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Discuss the note to the TED community on the withdrawal of the TEDxWestHollywood license.

For discussion: http://blog.ted.com/2013/04/01/a-note-to-the-ted-community-on-the-withdrawal-of-the-tedxwesthollywood-license


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    Apr 8 2013: Licence withdrawal aside (lets take this from another angle).

    Can someone provide me a list of the relevant research of the individuals which have been published as peer-reviewed papers, and if they haven't/can't, can it be explained exactly what the reason is for that, if one exists?

    I want to see what the determination on the subject is with the scientific community itself, as opposed to various sides outside of the peer-review level attempting to make that determination.
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      Apr 8 2013: There is a long list of peer-reviewed journal articles associated with Targ. More than could be fit into one comment box. Some of Targ's papers have already been mentioned in the conversation (so read the rest of the comments).
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      Apr 8 2013: Here's a list of the team members for the West Hollywood event:

      Here's a list of the scheduled speakers:

      Here's a memo from TED to the TEDx community regarding their view on bad science/pseudoscience talks at TEDx events:

      An excerpt:

      Marks of good science:

      - It makes claims that can be tested and verified

      - It has been published in a peer reviewed journal (but beware… there are some dodgy journals out there that seem credible, but aren’t.)

      - It is based on theories that are discussed and argued for by many experts in the field

      - It is backed up by experiments that have generated enough data to convince other experts of its legitimacy

      - Its proponents are secure enough to accept areas of doubt and need for further investigation

      - It does not fly in the face of the broad existing body of scientific knowledge

      - The proposed speaker works for a university and/or has a phD or other bona fide high level scientific qualification

      Marks of bad science:

      - Has failed to convince many mainstream scientists of its truth

      - Is not based on experiments that can be reproduced by others

      - Contains experimental flaws or is based on data that does not convincingly corroborate the experimenter’s theoretical claims

      - Comes from overconfident fringe experts

      - Uses over-simplified interpretations of legitimate studies and may combine with imprecise, spiritual or new age vocabulary, to form new, completely untested theories.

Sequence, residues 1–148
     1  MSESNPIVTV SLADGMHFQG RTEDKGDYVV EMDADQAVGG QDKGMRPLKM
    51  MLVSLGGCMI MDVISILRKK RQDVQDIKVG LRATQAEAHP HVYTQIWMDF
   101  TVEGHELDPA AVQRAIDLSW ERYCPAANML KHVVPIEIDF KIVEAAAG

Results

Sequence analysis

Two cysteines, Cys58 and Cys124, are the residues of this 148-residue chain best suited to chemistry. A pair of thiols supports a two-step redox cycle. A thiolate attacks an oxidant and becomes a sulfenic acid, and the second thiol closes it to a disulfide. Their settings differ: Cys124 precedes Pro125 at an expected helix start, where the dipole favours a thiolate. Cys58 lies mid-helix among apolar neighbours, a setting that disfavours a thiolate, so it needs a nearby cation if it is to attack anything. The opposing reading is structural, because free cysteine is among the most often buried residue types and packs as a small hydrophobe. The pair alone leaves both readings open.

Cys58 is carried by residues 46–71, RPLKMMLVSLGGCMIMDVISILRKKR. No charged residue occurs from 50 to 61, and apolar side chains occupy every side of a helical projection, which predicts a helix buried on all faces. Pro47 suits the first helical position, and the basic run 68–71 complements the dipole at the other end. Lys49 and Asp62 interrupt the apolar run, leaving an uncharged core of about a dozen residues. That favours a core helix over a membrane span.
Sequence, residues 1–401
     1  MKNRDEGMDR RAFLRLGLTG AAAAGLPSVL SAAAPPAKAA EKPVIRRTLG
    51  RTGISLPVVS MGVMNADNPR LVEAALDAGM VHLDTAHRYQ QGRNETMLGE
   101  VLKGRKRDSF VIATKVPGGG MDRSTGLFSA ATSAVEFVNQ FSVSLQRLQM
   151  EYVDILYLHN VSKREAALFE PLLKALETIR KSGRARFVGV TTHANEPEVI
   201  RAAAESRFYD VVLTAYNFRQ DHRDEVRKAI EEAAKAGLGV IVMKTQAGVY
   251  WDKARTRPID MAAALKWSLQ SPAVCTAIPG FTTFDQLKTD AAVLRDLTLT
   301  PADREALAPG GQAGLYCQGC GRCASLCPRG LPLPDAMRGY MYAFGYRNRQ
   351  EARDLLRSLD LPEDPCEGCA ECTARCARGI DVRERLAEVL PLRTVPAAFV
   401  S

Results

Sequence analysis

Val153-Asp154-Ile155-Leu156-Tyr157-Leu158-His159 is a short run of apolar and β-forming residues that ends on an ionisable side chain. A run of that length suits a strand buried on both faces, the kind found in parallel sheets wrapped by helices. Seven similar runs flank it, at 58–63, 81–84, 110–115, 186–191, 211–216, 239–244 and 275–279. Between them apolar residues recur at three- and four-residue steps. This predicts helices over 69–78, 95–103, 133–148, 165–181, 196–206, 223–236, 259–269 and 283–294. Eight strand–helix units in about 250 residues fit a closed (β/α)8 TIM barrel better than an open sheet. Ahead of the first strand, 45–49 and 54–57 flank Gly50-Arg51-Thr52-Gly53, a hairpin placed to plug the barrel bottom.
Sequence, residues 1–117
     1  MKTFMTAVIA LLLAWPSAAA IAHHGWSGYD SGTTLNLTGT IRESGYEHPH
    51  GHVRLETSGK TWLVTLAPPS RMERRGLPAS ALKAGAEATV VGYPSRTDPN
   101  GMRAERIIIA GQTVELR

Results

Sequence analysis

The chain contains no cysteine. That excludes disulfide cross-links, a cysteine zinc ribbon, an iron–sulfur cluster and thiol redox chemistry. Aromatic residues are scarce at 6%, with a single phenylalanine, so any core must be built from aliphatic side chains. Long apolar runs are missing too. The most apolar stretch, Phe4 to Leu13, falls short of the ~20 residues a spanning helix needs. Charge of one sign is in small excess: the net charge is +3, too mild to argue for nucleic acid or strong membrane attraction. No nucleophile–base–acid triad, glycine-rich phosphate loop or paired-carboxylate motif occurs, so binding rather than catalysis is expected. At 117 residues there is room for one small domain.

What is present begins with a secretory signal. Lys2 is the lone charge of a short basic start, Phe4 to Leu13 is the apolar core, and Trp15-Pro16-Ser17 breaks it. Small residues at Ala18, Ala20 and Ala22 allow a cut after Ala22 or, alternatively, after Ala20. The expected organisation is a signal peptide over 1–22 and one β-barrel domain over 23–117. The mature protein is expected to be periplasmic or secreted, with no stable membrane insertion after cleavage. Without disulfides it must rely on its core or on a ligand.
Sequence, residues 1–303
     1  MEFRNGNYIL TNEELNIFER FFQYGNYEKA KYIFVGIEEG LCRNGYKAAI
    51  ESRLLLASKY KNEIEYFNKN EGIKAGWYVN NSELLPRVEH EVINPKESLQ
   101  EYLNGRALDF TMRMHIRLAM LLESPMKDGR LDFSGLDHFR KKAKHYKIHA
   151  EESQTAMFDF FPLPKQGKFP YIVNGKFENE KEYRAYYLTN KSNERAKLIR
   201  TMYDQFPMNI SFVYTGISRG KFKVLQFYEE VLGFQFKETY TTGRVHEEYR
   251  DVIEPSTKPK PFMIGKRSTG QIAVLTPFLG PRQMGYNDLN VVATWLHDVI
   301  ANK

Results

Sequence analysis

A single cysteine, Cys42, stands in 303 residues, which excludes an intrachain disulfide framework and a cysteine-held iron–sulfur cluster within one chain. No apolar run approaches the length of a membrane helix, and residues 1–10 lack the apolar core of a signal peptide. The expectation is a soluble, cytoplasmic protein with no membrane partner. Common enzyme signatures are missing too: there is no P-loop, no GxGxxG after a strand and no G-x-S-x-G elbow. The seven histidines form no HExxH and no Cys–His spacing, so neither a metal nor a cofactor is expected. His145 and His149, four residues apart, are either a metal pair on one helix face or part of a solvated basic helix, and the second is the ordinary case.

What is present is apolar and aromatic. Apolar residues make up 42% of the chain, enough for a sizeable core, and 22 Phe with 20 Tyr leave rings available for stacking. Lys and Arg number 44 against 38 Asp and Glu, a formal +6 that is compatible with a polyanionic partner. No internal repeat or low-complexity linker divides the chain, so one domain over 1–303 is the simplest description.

- Speaks dismissively of mainstream science
      Includes some of the red flags listed in the two sections below
      • Apr 8 2013: You are very passionate about your views, Mr. Hoopes, but a consistent theme in your posts is to make a lot of declarative statements, but provide no proof that they apply in this case.

        If TED can't provide proof, and you, such a passionate supporter of TED can't provide proof, then the debate is effective over. Verdict: unpersuaded that TED acted scientifically and in good faith.
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          Apr 8 2013: Short of having more information from TED staff, I don't see how this will move forward. I've got my opinions, but I'm not affiliated with TED, don't know any TED staff, and don't have any special insights into the decisions they've made. It may have to remain one of those mysteries, yet another subject for endless speculation and imaginative conspiracy theory. I don't doubt that that will continue to bloom, but I do doubt that it will ever bear fruit.
      • Apr 8 2013: There is no mystery here. TED has no evidence.
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          Apr 8 2013: How do you come to that conclusion? Note that TED has said that the decision was not based on individual speakers but the program as a whole. Have you read this memo carefully? I think it may be the closest to background justification that you'll get. Given the nature of the West Hollywood program as a whole, it is no mystery to me why TED pulled its support.

          The memo TED sent to TEDx organizers:

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